• Scientists at the University of Leeds in Great Britain are studying the jet-based defense mechanism of the bombardier beetle to see if the insect can help them learn how to re-ignite a gas-turbine aircraft engine in mid-flight. The bombardier beetle is capable of spraying would-be predators with a high-pressure stream of boiling liquid.

• DaimlerChrysler is developing a new high fuel efficiency concept vehicle based on the body shape of a boxfish, a common cube-shaped fish found in tropical marine habitats. The bionic car will offer 20 percent lower fuel consumption and up to 80 percent lower nitrogen oxide emissions according to a release from DaimlerChrysler.
Some potential areas for exploration:

• Spiders spin silk that is stronger than synthetic substances developed by man but require only insects as inputs.

• Diatoms, microscopic phytoplankton responsible for a quarter of all the photosynthesis on Earth, make glass using silicon dissolved in seawater.

• Abalone, a type of shellfish, produces a crack-resistant shell twice as tough as ceramic from calcium found in seawater using a process known as bio-mineralization.

• Trees "turn sunlight, water, and air into cellulose, a suger stiffer and stronger than nylon, and bind it into wood, a natural composite with a higher bending strength and stiffness than concrete or steel," as noted by Paul Hawken, Amory and L. Hunter Lovins in Natural Capitalism.

• Countless plants generate compounds that fight off infection from fungi, insects, and other pests.

• Cat's eye reflectors were invented by Percy Shaw in 1935 after studying the mechanism of cat eyes. He had found that cats had a system of reflecting cells, known as tapetum lucidum, which was capable of reflecting the tiniest bit of light.

• Leonardo da Vinci's flying machines and ships are early examples of drawing from nature in engineering.

• Resilin is a replacement for rubber that has been created by studying the material also found in anthropods.

• Julian Vincent drew from the study of pinecones when he developed in 2004 "smart" clothing that adapts to changing temperatures. "I wanted a nonliving system which would respond to changes in moisture by changing shape", he said. "There are several such systems in plants, but most are very small — the pinecone is the largest and therefore the easiest to work on". Pinecones respond to higher humidity by opening their scales (to disperse their seeds). The "smart" fabric does the same thing, opening up when the wearer is warm and sweating, and shutting tight when cold.

• "Morphing aircraft wings" that change shape according to the speed and duration of flight were designed in 2004 by biomimetic scientists from Penn State University. The morphing wings were inspired by different bird species that have differently shaped wings according to the speed at which they fly. In order to change the shape and underlying structure of the aircraft wings, the researchers needed to make the overlying skin also be able to change, which their design does by covering the wings with fish-inspired scales that could slide over each other. In some respects this is a refinement of the swing-wing design.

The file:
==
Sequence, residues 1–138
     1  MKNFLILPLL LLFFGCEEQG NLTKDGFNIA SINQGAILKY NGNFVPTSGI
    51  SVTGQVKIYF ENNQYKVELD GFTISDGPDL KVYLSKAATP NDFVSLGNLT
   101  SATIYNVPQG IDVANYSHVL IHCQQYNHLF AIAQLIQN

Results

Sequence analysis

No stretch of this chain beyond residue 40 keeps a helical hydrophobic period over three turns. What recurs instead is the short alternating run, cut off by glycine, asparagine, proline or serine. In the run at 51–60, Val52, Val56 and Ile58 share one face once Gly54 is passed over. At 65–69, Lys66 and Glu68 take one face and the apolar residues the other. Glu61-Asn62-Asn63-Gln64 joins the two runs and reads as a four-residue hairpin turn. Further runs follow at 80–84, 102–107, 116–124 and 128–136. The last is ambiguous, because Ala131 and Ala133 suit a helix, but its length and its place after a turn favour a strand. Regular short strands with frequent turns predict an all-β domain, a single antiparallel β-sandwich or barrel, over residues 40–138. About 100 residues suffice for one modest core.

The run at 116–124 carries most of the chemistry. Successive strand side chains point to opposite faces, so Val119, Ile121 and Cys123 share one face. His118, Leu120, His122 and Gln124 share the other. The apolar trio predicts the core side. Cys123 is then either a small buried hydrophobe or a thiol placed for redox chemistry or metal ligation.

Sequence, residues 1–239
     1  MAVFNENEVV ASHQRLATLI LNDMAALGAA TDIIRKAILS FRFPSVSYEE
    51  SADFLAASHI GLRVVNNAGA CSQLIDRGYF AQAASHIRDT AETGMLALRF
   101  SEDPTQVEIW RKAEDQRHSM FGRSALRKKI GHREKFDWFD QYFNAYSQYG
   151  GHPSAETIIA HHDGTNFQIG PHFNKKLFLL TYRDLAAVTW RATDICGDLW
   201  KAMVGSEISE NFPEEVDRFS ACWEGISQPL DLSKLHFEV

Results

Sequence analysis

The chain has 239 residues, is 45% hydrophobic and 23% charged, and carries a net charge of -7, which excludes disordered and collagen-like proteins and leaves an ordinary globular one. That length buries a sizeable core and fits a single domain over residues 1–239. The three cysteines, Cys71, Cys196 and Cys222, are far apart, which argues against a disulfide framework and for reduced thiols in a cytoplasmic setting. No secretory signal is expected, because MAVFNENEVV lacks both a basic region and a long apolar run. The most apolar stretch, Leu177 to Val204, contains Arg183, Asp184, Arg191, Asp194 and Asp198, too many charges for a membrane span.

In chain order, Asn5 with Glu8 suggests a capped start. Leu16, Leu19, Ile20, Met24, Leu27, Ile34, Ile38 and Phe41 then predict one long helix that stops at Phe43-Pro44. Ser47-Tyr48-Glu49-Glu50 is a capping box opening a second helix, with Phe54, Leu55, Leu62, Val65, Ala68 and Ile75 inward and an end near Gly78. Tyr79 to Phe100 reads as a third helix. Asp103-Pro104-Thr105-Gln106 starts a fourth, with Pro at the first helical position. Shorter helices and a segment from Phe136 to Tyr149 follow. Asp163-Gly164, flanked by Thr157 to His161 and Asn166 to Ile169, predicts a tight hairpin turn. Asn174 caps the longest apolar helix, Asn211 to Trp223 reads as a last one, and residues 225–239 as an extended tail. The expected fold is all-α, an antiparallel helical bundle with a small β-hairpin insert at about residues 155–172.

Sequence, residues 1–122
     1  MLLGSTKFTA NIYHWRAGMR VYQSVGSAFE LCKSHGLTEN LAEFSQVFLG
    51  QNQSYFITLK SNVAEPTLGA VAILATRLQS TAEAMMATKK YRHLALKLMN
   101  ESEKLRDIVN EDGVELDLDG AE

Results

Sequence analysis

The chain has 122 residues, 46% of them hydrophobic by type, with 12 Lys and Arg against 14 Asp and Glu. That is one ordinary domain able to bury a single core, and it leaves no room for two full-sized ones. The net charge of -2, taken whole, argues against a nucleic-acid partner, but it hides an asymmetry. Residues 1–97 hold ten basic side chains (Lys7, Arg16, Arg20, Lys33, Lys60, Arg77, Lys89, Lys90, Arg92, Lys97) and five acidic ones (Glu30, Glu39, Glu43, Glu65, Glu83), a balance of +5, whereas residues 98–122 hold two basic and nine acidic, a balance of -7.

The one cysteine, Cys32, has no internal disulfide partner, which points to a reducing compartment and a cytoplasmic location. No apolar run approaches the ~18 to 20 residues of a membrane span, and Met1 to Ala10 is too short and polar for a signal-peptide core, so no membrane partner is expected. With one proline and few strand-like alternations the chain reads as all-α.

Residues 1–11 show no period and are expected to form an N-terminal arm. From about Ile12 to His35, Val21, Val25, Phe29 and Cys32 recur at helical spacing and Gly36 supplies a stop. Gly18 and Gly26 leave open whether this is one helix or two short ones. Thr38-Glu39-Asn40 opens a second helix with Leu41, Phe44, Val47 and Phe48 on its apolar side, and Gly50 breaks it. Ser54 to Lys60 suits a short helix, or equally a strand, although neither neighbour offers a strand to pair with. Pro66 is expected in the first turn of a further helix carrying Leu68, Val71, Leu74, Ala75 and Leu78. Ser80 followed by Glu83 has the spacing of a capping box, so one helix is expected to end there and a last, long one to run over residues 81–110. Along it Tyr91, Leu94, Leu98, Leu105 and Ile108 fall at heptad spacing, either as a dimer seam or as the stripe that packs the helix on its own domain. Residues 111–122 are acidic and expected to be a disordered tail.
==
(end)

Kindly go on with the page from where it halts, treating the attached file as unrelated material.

• Some paints and roof tiles have been engineered to be self-cleaning by copying the mechanism from the Nelumbo lotus.[2]

• Nanostructures and physical mechanisms that produce the shining color of butterfly wings were reproduced in silico by Greg Parker, professor of Electronics and Computer Science at the University of Southampton and research student Luca Plattner in the field of photonics, which is electronics using photons as the information carrier instead of electrons.

• Cholesteric liquid crystals (CLCs) are the thin-film material often used to fabricate fish tank thermometers or mood rings, that change color with temperature changes. They change color because their molecules are arranged in a helical or chiral arrangement and with temperature the pitch of that helical structure changes, reflecting different wavelengths of light. Chiral Photonics, Inc. has abstracted the self-assembled structure of the organic CLCs to produce analogous optical devices using tiny lengths of inorganic, twisted glass fiber.

• The wing structure of the blue morpho butterfly was studied and the way it reflects light was mimicked to create an RFID tag that can be read through water and on metal[3].

• Neuromorphic chips, silicon retinae or cochleae, has wiring that is modelled after real neural networks. S.a.: connectivity.

• Synthetic or "robotic" vegetation, which aids in conservation and restoration,[4] are machines designed to mimic many of the functions of living vegetation.

• Medical adhesives involving glue and tiny nano-hairs are being developed based on the physical structures found in the feet of geckos.

And here Are some more pictures related to all of this!


Bullet train and Mercedes Bionic

Skyscraper - cactus

the geckos feet

Explaining a Bio-Scraper

[edit on 4/3/2010 by VonDoomen]